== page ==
Maintenance projects may not be the most exciting way to spend the Lawrence school district's money, but putting off needed improvements and repairs is a dangerous policy.
Just ask the six universities governed by the Kansas Board of Regents.
At their meeting Monday night, members of the Lawrence school board looked at ways to maximize the impact of the maintenance money available to them. By using funds left over from two school bond issues approved in 1998 and 2005 and taking advantage of financing available for projects that contribute to energy conservation the district may be able to stretch next year's $2.5 million capital outlay budget to about $6 million.
That would allow the district to tackle much-needed repairs to rest rooms, fire alarms, security systems, roofs and water lines. The projects may not be flashy but, over the long haul, they will keep the district's buildings clean, safe and functional. Spending money on those projects now will protect the important investment district taxpayers have made in school facilities.
But, as Sue Morgan, Lawrence board president, pointed out, "It kills you when doing the domestic water supply into a building is going to cost about half a million dollars."
It's true that new water lines don't give district officials much to point to with pride as they walk through their school buildings, but the state of Kansas is learning through hard experience what happens when there isn't enough investment in ongoing maintenance at the state's universities.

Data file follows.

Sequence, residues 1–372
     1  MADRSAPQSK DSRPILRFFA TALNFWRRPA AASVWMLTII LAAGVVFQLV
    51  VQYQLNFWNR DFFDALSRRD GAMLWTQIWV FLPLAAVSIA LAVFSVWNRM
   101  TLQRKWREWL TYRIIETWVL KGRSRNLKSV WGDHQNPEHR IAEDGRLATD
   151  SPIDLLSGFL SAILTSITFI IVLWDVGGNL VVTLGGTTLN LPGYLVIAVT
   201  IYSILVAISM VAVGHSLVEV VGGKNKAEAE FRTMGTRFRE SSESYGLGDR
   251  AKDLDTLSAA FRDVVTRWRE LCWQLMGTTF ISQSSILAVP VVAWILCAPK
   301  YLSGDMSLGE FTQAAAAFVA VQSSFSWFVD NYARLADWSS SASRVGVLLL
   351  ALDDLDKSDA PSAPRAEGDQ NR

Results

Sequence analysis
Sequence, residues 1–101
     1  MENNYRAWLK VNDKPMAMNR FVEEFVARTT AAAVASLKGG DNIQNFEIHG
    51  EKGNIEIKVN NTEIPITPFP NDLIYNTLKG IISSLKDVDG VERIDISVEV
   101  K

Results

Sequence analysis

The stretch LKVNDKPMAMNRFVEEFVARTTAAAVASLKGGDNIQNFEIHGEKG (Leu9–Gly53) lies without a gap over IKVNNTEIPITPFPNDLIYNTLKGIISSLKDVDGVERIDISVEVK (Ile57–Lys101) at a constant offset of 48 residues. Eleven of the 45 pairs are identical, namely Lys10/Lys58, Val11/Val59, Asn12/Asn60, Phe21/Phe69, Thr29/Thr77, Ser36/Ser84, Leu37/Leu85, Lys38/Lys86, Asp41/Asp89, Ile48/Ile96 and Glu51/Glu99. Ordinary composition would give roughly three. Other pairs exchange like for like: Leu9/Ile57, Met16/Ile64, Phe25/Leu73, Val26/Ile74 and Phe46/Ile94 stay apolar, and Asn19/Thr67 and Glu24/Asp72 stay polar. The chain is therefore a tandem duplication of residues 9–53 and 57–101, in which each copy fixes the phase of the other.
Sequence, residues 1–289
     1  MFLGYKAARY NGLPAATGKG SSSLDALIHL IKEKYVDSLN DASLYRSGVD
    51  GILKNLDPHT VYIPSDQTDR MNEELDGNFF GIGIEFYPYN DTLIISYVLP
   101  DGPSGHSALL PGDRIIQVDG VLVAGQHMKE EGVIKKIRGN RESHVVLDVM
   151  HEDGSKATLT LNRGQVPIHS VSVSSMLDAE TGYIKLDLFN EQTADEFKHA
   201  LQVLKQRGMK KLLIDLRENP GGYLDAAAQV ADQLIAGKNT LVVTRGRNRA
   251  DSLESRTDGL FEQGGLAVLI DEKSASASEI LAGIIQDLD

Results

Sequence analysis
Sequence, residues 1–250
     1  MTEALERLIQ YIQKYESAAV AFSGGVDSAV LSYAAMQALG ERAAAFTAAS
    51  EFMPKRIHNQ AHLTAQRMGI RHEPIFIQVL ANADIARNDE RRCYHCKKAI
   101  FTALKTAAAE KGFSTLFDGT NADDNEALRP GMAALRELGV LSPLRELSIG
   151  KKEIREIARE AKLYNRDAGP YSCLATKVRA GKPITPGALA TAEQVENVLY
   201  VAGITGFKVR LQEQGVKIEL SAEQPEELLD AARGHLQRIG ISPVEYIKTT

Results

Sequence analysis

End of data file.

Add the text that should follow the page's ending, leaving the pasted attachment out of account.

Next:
The Board of Regents reported earlier this month that $727 million now is needed to deal with "deferred maintenance" at the six state universities; $209 million of that is at Kansas University. Regents and university officials say the situation has been caused by lagging state support for its universities. To address the needs, the regents asked legislators this year to approve a 1-mill property tax and a one-tenth-of-a-cent sales tax for 10 years to catch up on maintenance.
The regents, of course, have a point about declining state support for its universities. Although appropriations have increased in recent years, they haven't kept up with rising university budgets. In 1985, the state covered 49 percent of the state universities' operating expenditures. By 2005, the state's contribution had dropped to 29 percent.
Even with that decline, however, it seems wrong to endanger state-owned buildings and infrastructure by delaying critical maintenance. How would taxpayers in the Lawrence school district respond if the district built new schools but neglected to allocate enough of its budget to cover needed maintenance then asked voters to pay additional sales tax to bail the district out?
Lawrence and other K-12 school districts throughout the state have been through some years of lean state funding in the last decade and were forced to make difficult cuts in staffing and programs. What if they had simply decided to maintain staff and programs and allow buildings to deteriorate instead?
To protect the state's investment in its university campuses, it probably now will be necessary to dedicate some additional money to maintenance projects, but it is good to see other governmental entities, such as the Lawrence school district, showing they can be better stewards of tax-supported property.